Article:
Yasser Arafat and his henchmen found refuge in Tunisia, a country that, as a nation, played little role in Middle East fighting. In offering the PLO a refuge, the small North African nation could provide little protection. The Israeli Mossad pulled a lightning raid, seeking to wipe out the exile's leadership; they missed by moments.
In the end, world opinion forced Israel to open its doors. Yasser Arafat died in Palestine. If anything, his personal humiliation as the primary goal of his enemies' machinations contributed enormously to his standing among fellow Arab people and nations.
Despite massacres in refugee camps and other bloody attempts at intimidation, Jerusalem was forced to remove its forces that occupied south Lebanon; moreover, their presence provoked the start of Hezbollah, a group formed to disrupt further Israeli incursions. The Shiite insurgents swarmed into territory left vacant by the withdrawal.
Mr. Bush has made the point that the terrorist/resistance organization (take your pick) receives funding and weaponry from Syria and Iran. That's scarcely a secret. Both nations are ruled by Shiites but of different sects. In the instance of Teheran, its arsenal most certainly contains a thermonuclear device; intended, if for no other purpose, than to counter Israeli weapons of mass destruction, which Jerusalem steadfastly denies.
But the world knows they're there, courtesy of the late Charles de Gaulle, the French president who viewed himself in semi-divine form, above such considerations as maintaining an arms balance in the world. Saddam Hussein's threat to knock out the Dimona nuclear facility contributed, in a major way, to the campaign to topple his throne. The prospect of the ultimate weapon in Hezbollah's hands has much to do with the Israeli fury to wipe out all its adherents.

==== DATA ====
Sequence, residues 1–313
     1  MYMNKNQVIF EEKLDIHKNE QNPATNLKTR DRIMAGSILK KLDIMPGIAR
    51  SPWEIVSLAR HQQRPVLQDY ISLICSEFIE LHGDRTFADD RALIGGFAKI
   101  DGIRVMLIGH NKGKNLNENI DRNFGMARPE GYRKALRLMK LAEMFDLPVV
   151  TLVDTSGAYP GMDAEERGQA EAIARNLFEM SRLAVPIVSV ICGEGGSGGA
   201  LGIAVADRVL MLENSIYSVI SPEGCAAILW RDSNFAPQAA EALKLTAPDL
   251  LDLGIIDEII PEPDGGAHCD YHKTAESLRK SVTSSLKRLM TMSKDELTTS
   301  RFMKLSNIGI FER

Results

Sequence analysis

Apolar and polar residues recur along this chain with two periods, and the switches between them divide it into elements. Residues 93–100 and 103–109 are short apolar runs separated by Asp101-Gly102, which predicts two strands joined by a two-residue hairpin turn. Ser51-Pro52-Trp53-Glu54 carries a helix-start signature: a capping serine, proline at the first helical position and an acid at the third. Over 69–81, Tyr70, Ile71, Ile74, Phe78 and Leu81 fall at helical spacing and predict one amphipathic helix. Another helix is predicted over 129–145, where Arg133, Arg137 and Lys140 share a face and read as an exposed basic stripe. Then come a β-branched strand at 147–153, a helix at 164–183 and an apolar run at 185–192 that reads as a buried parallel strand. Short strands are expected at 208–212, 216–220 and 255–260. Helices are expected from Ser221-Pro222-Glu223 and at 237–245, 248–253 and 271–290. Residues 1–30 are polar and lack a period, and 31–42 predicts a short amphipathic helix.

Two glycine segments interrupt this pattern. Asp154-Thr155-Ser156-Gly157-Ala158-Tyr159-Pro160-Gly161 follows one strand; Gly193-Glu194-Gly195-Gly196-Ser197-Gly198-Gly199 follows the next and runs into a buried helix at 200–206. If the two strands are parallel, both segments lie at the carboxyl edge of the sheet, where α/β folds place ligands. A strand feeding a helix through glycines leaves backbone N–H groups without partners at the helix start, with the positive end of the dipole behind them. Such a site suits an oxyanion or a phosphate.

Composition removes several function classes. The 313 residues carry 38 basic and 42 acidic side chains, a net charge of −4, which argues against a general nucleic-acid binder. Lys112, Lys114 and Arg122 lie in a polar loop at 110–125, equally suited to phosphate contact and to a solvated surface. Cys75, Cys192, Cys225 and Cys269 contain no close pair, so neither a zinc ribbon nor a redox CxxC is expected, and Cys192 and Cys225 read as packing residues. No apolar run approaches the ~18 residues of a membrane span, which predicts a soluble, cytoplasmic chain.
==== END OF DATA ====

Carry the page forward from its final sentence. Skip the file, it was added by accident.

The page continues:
Here is the chief flaw in Mr. Bush's thinking, reflected in Jerusalem's strategies: Neither Hezbollah nor al-Qaeda consists strictly of people; both are ideas that, like diseases, are easily spread around. As we've seen, the use of armed force serves chiefly to increase the insurgents' resistance. It has been said the U.S. invasion of Iraq has been the best recruiting tool for Osama bin-Laden's group.
It can be projected, similarly, that Israel has enormously boosted Hezbollah among Arabs, Sunnis and Christians, as well as their fellow Shiites. Filling their ranks again and again will be easy in the long run.
Once again I'm reminded of the Christian Kingdom of Jerusalem, which lasted less than 100 years because the crusaders, who had recaptured the Holy City from Muslims, persisted in creating enemies among the neighboring people. The latest military actions by Israel, in both Palestine's Gaza Strip and south Lebanon, have played directly into the hands of the Jewish nation's enemies, in the rest of the world as well as the Middle East.
The president's insisted rejection of a cease fire, while literally hundreds of innocents are being slaughtered, makes this nation yet again a loser, subject to the penalties and attacks that come with defeat.
My poor country!